Attack and violence on journalists
In Pakistan, journalists run the danger of being physically attacked, harassed, and intimidated, especially when they cover sensitive subjects or criticise influential people or institutions. Such events may foster a culture of self-censorship and discourage journalists from writing about particular topics. for example, Arshad Sharif, a well known anchor person was forced to leave the country and later got killed.
Internet and Social Media Restrictions:
In Pakistan, the government has put limitations on social media and online forums. As part of this, websites, social media platforms, and messaging apps may be periodically blocked or
throttled. Additionally, online activity may be watched, and legislation requiring social media corporations to follow laws may be introduced.
Under various regimes, there have been varying degrees of media censorship in Pakistan, with certain eras seeing more severe limitations on press freedom than others.
Here is a comparison of Pakistan’s prior governments’ treatment of the media: Military regimes (General Parvez Musharraf and General Zia-ul-Haq)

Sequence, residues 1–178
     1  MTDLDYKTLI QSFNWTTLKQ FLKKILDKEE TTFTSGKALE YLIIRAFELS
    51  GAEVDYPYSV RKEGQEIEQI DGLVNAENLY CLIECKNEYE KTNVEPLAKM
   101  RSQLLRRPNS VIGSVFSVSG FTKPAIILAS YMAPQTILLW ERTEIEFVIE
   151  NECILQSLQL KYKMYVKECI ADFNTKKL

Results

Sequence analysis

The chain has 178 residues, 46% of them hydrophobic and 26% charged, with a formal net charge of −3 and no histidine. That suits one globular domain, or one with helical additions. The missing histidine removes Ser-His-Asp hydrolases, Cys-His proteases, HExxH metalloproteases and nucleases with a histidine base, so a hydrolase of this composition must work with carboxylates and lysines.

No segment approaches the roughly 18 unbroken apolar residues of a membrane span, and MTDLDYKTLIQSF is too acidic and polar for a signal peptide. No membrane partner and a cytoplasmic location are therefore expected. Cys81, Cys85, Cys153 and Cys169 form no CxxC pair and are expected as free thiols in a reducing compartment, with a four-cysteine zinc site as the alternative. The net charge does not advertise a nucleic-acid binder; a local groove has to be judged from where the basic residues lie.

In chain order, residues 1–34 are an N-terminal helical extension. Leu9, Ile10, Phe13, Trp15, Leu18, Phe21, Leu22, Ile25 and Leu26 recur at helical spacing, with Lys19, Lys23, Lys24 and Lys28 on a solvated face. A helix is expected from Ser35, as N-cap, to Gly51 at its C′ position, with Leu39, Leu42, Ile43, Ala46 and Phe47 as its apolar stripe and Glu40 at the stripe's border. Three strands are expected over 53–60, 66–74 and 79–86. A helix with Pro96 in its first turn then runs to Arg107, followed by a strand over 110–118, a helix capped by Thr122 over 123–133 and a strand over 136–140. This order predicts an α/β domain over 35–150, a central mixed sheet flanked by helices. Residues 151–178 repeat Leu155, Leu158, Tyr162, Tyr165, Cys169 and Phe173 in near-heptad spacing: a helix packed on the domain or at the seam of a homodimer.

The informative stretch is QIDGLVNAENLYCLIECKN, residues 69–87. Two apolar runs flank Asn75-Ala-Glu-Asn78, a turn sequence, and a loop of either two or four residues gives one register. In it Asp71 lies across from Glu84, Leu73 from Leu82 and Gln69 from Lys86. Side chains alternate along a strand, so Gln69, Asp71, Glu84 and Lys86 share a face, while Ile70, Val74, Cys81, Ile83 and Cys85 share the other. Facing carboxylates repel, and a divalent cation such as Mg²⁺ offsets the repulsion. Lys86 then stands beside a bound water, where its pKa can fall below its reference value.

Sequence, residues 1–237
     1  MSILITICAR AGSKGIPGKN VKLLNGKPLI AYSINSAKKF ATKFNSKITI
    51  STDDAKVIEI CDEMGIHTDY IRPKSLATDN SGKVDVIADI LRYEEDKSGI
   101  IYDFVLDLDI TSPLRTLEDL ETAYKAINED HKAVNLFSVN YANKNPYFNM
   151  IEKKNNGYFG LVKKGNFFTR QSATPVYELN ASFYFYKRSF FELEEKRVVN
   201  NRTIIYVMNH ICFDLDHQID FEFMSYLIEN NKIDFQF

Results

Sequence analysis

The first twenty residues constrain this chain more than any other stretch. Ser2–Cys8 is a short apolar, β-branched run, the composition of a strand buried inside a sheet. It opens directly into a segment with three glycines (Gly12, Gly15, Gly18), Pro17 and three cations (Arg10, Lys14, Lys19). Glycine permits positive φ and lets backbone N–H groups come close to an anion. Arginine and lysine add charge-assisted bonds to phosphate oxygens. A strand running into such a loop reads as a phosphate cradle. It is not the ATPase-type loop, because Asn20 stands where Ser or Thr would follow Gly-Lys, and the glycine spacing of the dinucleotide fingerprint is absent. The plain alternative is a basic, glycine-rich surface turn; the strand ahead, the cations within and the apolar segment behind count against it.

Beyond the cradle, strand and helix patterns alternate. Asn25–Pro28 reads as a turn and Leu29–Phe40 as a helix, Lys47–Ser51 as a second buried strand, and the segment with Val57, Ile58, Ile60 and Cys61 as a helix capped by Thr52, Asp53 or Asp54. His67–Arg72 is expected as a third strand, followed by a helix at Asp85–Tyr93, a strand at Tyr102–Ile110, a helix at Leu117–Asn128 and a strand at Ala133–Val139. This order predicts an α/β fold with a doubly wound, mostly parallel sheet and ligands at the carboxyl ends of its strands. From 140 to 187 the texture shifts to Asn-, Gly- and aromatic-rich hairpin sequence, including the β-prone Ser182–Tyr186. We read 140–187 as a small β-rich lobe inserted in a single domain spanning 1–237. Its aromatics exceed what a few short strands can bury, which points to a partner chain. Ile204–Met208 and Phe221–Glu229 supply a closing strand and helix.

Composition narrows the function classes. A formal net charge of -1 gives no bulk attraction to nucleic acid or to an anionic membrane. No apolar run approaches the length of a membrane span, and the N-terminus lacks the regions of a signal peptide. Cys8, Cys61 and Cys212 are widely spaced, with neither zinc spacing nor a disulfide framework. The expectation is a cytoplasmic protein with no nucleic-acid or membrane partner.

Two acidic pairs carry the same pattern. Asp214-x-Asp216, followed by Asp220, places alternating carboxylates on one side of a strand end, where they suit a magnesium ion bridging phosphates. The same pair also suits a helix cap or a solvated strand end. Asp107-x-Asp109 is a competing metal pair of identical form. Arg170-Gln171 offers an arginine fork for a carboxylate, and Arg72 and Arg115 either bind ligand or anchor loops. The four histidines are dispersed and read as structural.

Media control was intense from 1977 to 1988, during General Zia-ul-Haq’s rule. Zia severely restricted press freedom, limited political reporting, and rigorously censored material perceived to be unfavorable to Islamic principles or the government. For example, Journalist Naimat Khan drew attention to significant, overt media censorship under former President Muhammad Zia-ul
Haq’s regime, which spanned from 1978 to 1988 and was accompanied by martial law. Newspapers were delivered to the president’s office at that time, and any news that wasn’t judged proper was censored. “Journalists started leaving the spaces where news was censored blank instead of replacing it with other news so that readers would know that censorship is taking place as a way of pushing back against that censorship,” Khan said.
The period of General Pervez Musharraf (1999–2008) witnessed some early easing of media control. When private television networks were permitted to run, independent media exploded. However, there were instances of selective censoring, particularly at significant occasions like the Chief Justice’s suspension in 2007.
Civilian governments (Benazir Bhutto, Nawaz Sharif and Asif Ali Zardari):
Media freedom throughout Benazir Bhutto’s two terms as prime minister (1988–1990; 1993– 1996) was uneven. While certain media outlets were relatively free to operate, there were instances of censorship, particularly when the government came under fire or there were concerns about national security.
During the administrations of Nawaz Sharif (1990–1993, 1997–1998, and 2013–2017), there were incidents of media restriction. The Sharif administration was charged of limiting press freedom, particularly by closing down oppositional media outlets and placing constraints on journalists.